Hodgson lays down England law
Roy Hodgson will demand England's Euro 2012 squad "behave as adults" when they are out challenging for glory in Ukraine this summer.
New England manager Hodgson has warned his players anyone who fails to accept the responsibilities of an international footballer at Euro 2012 has a very limited future.
Hodgson has played no part in deciding England should be based in Krakow for the duration of the tournament, even though all their group matches are in Ukraine.
Had he been given more time, the 64-year-old may have come up with a different solution, having already scrapped the planned training camp in Spain, which was another idea initially put forward by Fabio Capello, then "tweaked" by Stuart Pearce.
However, past experience with Switzerland suggests Hodgson prefers the city centre location England now have compared to the remote base in Rustenburg during the last World Cup in South Africa, which many players felt was like a prison camp.
The by-product of that is England always being on view and if anyone steps out of line, it will almost certainly be spotted.
Given the scrapes England's rugby players got into during the last World Cup in New Zealand, there is an obvious fear of negative headlines.
The FA will hand out a working document "for guidance", said a senior Club England source, but Hodgson is willing to treat his squad like adults and believes they should behave appropriately.
"We aren't back at school," he said.
"These are people who have an incredible public profile and know every time they step outside their front door the eyes of the world are on them.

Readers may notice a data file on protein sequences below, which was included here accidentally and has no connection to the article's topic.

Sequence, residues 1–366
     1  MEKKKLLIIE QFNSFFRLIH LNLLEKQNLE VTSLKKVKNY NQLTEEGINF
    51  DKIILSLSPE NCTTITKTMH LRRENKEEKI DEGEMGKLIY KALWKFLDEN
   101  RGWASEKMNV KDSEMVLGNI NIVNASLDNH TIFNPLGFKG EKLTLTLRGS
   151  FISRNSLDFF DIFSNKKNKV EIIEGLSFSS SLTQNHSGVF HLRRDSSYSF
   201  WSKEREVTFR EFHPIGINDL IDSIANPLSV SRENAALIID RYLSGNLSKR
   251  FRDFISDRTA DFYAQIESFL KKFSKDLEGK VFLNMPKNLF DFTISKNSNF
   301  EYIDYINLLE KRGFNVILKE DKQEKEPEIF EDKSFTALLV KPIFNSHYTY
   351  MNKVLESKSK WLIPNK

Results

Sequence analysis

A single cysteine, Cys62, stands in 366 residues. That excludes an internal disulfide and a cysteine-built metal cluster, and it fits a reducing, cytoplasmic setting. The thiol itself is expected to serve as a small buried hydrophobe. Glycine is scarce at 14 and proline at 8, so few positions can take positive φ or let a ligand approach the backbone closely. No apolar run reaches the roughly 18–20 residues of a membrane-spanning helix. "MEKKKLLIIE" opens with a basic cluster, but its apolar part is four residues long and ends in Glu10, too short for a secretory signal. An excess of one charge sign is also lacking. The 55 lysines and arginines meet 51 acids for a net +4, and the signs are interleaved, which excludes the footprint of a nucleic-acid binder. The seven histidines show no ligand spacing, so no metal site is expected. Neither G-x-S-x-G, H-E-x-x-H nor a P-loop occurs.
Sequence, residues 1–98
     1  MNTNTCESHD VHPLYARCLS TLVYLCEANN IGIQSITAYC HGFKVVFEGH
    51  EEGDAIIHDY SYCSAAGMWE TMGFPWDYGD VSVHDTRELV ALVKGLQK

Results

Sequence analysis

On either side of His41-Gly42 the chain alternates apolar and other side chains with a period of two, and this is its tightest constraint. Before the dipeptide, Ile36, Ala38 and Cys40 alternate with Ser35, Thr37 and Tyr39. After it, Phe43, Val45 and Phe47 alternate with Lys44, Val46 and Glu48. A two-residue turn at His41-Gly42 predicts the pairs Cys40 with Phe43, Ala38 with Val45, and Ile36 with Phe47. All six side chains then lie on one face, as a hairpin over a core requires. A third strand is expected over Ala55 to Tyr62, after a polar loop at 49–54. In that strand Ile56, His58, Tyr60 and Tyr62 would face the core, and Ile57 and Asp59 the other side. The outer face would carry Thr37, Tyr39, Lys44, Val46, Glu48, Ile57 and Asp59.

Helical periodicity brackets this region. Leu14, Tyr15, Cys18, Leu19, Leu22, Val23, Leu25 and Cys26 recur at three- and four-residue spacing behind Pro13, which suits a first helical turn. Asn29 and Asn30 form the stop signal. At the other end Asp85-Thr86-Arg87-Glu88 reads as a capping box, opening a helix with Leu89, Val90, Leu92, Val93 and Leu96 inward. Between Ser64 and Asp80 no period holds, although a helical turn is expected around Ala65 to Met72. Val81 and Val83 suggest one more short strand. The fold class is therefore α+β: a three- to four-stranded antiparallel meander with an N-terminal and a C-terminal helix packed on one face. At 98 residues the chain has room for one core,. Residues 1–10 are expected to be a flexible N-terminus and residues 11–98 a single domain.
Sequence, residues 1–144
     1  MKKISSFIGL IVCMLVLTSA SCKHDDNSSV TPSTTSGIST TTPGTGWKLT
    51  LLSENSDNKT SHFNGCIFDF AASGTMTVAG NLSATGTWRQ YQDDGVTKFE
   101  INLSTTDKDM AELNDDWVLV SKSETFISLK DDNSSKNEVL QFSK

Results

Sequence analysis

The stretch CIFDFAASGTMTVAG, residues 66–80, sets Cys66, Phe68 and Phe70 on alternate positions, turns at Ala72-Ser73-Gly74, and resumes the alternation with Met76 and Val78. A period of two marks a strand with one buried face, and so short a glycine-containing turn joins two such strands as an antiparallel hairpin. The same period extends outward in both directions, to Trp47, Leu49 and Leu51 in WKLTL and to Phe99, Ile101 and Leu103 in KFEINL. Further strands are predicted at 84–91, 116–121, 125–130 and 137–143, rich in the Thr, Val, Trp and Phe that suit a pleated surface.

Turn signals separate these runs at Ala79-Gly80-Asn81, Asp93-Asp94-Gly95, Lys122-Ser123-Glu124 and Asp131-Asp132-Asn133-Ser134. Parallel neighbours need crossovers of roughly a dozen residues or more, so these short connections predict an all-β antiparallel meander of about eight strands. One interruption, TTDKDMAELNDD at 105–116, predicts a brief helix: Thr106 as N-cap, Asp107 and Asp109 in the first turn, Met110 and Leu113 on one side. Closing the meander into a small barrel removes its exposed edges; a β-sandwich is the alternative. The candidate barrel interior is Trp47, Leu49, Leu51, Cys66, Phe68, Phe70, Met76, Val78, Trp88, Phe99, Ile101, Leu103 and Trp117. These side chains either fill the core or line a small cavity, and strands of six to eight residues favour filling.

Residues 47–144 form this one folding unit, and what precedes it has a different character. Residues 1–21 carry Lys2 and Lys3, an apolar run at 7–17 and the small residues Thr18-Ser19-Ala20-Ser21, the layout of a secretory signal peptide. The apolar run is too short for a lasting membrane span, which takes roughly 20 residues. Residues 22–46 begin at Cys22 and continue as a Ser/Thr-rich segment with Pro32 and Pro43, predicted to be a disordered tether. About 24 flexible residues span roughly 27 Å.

"There are mobile phones with cameras everywhere these days. You can't escape them.
"But the players are fully aware of their responsibilities.
"My message to them is a very simple one. Not only do I expect them to behave as adults, I am going to demand it.
"Every time they are in a public place they should be aware of the fact that if they do anything they shouldn't they are not only letting themselves down, they are letting us all down because the criticism will pile upon us all.
"It's a big responsibility but if there is anyone here who can't take that responsibility they aren't going to play a big part in my thinking in the future."
In planning for South Africa, Capello's default position was that England's players should retain total focus on football, hence his decision to base them in Rustenburg, two hours north of Johannesburg.
However, training on exactly the same site as they were living proved a disastrous mistake, triggering a growing disenchantment that boiled over in John Terry's infamous criticisms following a shambolic goalless draw with Algeria.
Hodgson has never believed isolating players was the ideal way of getting the best out of them, even if a certain boredom factor has to be accepted as part of the job.
"When you accept the invitation to go and play you do so on the basis that for four weeks it's football, football, football," he said.
"There is only a limited amount of training every day and a lot of free time.
"We don't want any repeat of the things that happened to the rugby team but I don't believe imprisoning people is the best way of getting the most out of them.
"Treating adults like adults is the best way of getting a working relationship.
"We have gone from one extreme to another by being in Krakow.
"That wasn't my decision but if you give me a situation where the players can go out, have a cup of coffee and see something else other than their room-mates, me and the coaching staff, give me that any day.
"I hope it will go well but if it doesn't then we will learn the lesson."